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Thomas Hampson Sings World Premiere of New Song Cycle by Michael Daugherty to Commemorate Abraham Lincoln’s Bicentennial

Thomas Hampson, the internationally acclaimed baritone and fervent
advocate of American music, celebrates the bicentennial of Abraham Lincoln with
a concert on February 28 in his hometown of Spokane, Washington, performing the
world premiere of Michael Daugherty’s Letters from Lincoln.  The work is a song-cycle based on
American poems, and was especially commissioned for the occasion by the Spokane
Symphony.  The performance will be
repeated on March 1, and recorded by Koch Classics for release on CD.  These concerts are the culmination of a
five-week, city-wide Lincoln Festival sanctioned by the Abraham Lincoln
Bicentennial Commission, one which emphasizes the fact that President Lincoln’s
Homestead Act of 1865 helped open up the West.

While both singer and composer note that this piece
is a departure from Daugherty’s past work, both are pleased with the
outcome.  According to Thomas

dialogue is beautiful in Daugherty’s setting – it’s very natural, not
contrived.  The musical language
takes us deeper into the metaphor of what the words stand for.  Michael has a wonderful way of setting
the English language.”

Hampson grew up in Spokane
and began his musical education there, before relocating to Europe in the
1980s.  He recently moved back to
the United States and has just appeared in his third Metropolitan Opera production
of the season, performing the title role of Tchaikovsky’s Romantic,
Pushkin-based tragedy Eugene Onegin.  When he first portrayed the haughty
aristocrat at the Met in 2001, the New York Times said, “Thomas Hampson is moving from strength to
strength these days; his Onegin was truly fine.”  This season, opposite soprano Karita Mattila, who was
singing her first Met Tatiana, the Times reported thatHampson
“subtly conveyed the hauteur of the entitled, clueless hero”:

“Mr. Hampson captured Onegin’s
patronizing decorum in advising Tatiana to be more cautious about confiding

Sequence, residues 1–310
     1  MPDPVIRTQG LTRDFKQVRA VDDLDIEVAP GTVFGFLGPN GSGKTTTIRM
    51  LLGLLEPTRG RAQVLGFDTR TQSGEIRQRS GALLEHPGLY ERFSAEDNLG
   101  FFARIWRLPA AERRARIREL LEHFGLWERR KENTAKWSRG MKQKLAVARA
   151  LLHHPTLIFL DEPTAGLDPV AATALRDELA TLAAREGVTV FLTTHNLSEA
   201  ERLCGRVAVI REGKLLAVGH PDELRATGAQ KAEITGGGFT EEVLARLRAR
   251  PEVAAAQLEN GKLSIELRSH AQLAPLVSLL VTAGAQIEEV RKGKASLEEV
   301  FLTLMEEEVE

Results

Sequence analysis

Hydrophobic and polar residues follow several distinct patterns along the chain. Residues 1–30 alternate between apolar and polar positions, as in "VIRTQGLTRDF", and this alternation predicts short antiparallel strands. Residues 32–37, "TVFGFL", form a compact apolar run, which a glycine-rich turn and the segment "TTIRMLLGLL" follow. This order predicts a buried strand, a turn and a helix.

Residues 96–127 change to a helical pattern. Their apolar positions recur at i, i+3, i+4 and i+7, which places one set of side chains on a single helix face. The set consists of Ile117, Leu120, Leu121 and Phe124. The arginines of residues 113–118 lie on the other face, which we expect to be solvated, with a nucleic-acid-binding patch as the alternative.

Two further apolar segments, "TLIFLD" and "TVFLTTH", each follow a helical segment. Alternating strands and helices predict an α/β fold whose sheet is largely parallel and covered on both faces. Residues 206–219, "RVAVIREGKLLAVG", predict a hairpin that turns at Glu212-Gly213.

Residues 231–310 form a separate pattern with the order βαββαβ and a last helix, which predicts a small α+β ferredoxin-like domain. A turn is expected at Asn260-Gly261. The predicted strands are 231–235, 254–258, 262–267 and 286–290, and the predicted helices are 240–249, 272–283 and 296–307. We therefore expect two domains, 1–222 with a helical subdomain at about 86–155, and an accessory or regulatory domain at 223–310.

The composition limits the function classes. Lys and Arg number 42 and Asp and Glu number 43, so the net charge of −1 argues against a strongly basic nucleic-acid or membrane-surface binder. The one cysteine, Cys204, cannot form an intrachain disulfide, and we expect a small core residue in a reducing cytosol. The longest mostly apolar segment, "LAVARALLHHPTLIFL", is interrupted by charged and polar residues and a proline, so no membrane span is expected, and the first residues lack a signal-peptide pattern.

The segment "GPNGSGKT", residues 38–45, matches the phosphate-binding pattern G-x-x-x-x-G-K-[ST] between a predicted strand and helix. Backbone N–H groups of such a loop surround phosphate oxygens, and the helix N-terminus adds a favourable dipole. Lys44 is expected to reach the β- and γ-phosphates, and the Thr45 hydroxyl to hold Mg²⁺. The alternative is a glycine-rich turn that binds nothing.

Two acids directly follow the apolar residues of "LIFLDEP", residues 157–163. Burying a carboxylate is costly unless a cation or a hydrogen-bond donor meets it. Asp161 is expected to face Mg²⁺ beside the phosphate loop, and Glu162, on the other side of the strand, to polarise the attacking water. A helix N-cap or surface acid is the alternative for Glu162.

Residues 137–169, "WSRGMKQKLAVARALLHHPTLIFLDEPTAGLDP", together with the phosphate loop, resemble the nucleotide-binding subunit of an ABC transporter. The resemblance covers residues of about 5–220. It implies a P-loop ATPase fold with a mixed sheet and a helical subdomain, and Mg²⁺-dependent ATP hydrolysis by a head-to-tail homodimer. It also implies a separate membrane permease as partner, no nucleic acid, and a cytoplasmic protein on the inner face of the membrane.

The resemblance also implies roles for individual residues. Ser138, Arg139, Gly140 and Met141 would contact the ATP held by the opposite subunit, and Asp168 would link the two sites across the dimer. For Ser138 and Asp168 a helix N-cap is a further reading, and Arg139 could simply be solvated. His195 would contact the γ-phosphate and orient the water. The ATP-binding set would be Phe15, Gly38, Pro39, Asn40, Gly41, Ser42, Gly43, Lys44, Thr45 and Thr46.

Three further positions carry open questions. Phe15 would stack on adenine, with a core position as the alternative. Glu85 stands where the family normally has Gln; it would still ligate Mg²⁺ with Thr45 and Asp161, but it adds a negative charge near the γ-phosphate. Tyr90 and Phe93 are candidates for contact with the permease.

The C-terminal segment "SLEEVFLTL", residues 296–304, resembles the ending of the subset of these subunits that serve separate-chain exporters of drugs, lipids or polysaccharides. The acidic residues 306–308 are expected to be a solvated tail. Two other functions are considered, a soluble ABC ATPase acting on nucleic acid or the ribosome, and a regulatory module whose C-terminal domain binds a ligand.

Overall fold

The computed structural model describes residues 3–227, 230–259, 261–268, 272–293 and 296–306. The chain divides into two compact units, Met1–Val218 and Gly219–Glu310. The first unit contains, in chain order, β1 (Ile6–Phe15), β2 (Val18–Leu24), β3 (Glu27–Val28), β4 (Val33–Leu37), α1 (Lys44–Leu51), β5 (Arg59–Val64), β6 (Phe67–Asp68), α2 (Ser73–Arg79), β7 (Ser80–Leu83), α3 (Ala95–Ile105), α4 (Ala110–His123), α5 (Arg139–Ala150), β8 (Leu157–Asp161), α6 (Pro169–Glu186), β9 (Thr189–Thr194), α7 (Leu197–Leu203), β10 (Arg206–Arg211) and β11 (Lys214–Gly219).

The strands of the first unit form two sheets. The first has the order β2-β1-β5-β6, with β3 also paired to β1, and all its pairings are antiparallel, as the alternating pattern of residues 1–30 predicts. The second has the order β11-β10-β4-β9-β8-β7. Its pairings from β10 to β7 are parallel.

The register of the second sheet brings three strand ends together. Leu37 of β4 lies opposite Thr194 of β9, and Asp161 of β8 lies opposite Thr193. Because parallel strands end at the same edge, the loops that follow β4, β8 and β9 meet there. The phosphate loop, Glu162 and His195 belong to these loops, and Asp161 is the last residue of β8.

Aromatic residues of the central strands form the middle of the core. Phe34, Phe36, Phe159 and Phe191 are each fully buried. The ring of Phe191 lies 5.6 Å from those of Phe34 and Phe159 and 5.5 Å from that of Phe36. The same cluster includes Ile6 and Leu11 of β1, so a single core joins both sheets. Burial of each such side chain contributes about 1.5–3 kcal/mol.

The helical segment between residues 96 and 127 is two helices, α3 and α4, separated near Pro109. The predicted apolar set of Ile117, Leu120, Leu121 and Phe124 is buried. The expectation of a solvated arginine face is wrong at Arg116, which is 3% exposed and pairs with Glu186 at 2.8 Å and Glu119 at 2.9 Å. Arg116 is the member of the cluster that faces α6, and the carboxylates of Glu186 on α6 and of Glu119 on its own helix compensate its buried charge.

herself to men who may not be so discreet. … In the final scene, years later,
when Onegin re-encounters Tatiana, now married, … Mr. Hampson was the
embodiment of a young man who realizes too late what a haughty fool he was to
have dismissed Tatiana’s feelings as some schoolgirl crush, [and] fill[ed] the
phrases with desperation.”

The Financial Times was similarly impressed:

“Tall, dashing and intelligent
nearly to a fault, [Hampson] was equally persuasive expressing Onegin’s narcissistic
swagger and traumatic desperation … . [His voice] rang with incisive fervor and
poised lyricism.”

Thomas Hampson is a renowned
recitalist and scholar, and established the Hampsong Foundation to promote to
the art of song and the song recital. 
He was recently named next season’s Artist-in-Residence of the New York
Philharmonic – the first under Alan Gilbert, the Philharmonic’s next Music
Director.  While a student at Eastern
Washington University in Spokane, Hampson made his debut with the Spokane
Symphony at the Fox Theater, where the performances of Michael Daugherty’s Letters
from Lincoln
take place.  Hampson continues
to be instrumental in the restoration of the Fox Theater and presented a
benefit concert as part of the opening of the newly-restored theater as Martin
Woldson Theater at The Fox, in December 2007.

Feb 28; Mar 1:
Spokane, WA

Martin Woldson Theater
at The Fox

Michael Daugherty: Letters
from Lincoln
(World Premiere)

Spokane Symphony

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February 16, 2009

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